Battle For The Ball
Part of the Horse exhibition.
Battle for the Ball
Horses and riders sprint, shove, and spin around when playing a fast-paced game of polo. By swinging a mallet, each player tries to drive a ball over the goal of the opposite team.
The horses used in polo are often called ponies, but they can belong to any breed, large or small. A well-trained polo pony will gallop at the touch of a spur and hold a straight course while the rider leans out to swing the mallet. Quick turns, hard knocks, and collisions are common. The fray is exhausting, so every few minutes, fresh horses are brought into the game.
Polo ponies are trained from an early age to muscle other horses aside when following the ball. Even at a gallop, they can lean on opponents to drive them away. A well-trained horse responds instantly to a polo player's signals, makes appropriate moves on its own, and even anticipates play.
East to West
British officers first learned to play polo in the mid-1800s in India, where the game dates back more than 500 years. After catching on in Great Britain, it spread to other parts of the world. Today, Argentina is a major center for polo. Argentine polo ponies are typically bred from thoroughbreds crossed with criollos, South American ranch horses known for their cattle-herding skills.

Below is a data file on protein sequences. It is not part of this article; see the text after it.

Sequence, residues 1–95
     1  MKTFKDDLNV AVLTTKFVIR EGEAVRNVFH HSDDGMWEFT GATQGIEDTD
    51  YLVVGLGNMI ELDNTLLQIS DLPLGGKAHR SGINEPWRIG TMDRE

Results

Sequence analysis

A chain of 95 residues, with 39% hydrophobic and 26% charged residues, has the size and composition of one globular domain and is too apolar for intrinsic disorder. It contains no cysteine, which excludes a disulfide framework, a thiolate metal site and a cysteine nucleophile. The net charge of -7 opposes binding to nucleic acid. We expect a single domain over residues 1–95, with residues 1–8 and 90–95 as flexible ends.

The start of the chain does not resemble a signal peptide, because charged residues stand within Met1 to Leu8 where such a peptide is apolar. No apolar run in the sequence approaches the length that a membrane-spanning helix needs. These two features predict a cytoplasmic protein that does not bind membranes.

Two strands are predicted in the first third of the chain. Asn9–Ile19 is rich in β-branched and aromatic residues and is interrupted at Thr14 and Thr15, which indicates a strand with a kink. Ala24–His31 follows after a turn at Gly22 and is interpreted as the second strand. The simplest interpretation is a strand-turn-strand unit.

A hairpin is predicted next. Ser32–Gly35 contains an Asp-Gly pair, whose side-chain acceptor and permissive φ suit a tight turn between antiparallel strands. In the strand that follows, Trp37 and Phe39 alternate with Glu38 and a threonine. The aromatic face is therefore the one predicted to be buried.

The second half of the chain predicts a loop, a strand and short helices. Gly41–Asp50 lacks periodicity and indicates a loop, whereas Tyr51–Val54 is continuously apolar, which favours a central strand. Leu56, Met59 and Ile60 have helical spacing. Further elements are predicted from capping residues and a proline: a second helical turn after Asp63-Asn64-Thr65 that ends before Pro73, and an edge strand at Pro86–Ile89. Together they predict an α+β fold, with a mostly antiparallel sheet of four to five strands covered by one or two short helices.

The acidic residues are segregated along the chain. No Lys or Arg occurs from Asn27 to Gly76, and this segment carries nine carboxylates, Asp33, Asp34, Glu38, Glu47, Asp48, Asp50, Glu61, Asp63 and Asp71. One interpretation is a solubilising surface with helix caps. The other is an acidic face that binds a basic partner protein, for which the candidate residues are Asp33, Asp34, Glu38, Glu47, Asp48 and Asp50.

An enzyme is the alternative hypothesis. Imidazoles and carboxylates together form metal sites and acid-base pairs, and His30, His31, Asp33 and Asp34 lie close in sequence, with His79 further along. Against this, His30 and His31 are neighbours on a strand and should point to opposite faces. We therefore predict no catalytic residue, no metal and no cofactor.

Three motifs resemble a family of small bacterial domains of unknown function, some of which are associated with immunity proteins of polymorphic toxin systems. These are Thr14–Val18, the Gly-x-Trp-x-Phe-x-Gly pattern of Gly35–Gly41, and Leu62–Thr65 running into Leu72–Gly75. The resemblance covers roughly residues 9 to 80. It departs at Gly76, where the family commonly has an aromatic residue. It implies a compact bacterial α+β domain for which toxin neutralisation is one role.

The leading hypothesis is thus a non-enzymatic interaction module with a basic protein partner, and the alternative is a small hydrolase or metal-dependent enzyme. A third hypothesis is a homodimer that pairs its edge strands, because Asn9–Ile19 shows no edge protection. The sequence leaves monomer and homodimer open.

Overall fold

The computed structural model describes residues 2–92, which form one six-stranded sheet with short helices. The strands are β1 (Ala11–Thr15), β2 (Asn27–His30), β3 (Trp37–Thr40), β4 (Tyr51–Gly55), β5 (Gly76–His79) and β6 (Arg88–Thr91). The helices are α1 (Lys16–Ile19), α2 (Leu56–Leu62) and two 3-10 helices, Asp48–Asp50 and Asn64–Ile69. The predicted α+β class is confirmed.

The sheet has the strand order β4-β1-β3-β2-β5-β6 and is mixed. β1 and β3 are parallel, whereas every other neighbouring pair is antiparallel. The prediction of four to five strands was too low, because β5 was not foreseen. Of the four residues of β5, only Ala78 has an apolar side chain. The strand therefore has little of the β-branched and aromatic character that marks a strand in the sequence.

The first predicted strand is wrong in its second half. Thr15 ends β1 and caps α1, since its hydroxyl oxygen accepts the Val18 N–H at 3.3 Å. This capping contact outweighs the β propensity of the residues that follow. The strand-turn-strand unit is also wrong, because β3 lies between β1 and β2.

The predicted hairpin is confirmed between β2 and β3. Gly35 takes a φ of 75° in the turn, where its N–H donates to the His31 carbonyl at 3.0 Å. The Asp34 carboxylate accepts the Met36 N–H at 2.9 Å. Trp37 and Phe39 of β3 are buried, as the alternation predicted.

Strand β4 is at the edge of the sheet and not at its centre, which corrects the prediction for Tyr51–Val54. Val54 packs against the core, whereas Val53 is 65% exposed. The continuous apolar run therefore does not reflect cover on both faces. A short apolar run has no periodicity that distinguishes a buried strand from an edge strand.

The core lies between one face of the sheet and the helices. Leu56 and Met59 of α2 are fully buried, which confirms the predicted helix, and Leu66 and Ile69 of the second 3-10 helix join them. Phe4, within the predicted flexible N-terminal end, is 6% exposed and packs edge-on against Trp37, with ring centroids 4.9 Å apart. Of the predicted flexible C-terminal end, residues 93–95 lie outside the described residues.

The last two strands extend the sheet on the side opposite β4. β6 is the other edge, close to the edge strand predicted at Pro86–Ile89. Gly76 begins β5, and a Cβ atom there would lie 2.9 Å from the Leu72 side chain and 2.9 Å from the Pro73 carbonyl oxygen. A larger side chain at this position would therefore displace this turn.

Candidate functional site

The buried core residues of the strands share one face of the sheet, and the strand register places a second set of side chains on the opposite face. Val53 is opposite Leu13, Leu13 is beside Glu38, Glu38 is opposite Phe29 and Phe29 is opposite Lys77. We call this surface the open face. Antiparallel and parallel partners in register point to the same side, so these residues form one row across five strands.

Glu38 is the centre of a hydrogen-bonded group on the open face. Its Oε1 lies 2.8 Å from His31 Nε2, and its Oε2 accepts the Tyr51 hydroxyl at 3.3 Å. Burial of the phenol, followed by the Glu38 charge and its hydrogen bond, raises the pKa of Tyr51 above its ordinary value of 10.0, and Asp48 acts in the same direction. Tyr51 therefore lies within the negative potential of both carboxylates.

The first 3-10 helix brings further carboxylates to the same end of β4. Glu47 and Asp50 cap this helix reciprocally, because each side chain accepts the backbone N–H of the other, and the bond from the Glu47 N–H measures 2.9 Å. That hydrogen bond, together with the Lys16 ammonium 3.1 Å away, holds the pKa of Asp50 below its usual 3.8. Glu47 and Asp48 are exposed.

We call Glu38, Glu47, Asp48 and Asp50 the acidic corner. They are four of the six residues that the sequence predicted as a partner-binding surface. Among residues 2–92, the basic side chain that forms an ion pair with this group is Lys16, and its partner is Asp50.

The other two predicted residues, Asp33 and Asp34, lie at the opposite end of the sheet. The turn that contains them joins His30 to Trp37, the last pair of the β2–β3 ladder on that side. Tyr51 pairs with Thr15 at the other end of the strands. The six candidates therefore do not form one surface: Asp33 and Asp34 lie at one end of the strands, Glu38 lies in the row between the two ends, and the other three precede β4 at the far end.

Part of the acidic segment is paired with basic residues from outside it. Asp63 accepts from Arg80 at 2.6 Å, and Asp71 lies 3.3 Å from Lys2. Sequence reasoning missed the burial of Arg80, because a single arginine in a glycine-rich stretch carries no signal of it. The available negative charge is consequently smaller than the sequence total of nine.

In a Philadelphia, Pennsylvania, program called Work to Ride, high-school students who may never have ridden a horse before are learning to play polo. In 1999, players began competing across the United States after forming the first all African-American interscholastic polo team.
A polo shirt on exhibition belongs to Argentine polo player Ignacio "Nacho" Figueras, a member of the Black Watch team of East Hampton, New York, and Palm Beach, Florida. A typical polo team has four players who wear numbers indicating their positions. Highly rated players are often assigned the number 2 spot and play both offense and defense at all times.
Mallet and Ball
During the game, a polo player must lean down from the saddle and strike a ball with a mallet, often while the horse is galloping down the field. The handle is traditionally made from a specially treated length of cane. Handles can be firm or more flexible, depending on the player's preference. Experienced players often use very bendable mallets, which are harder to aim but ensure a more powerful swing.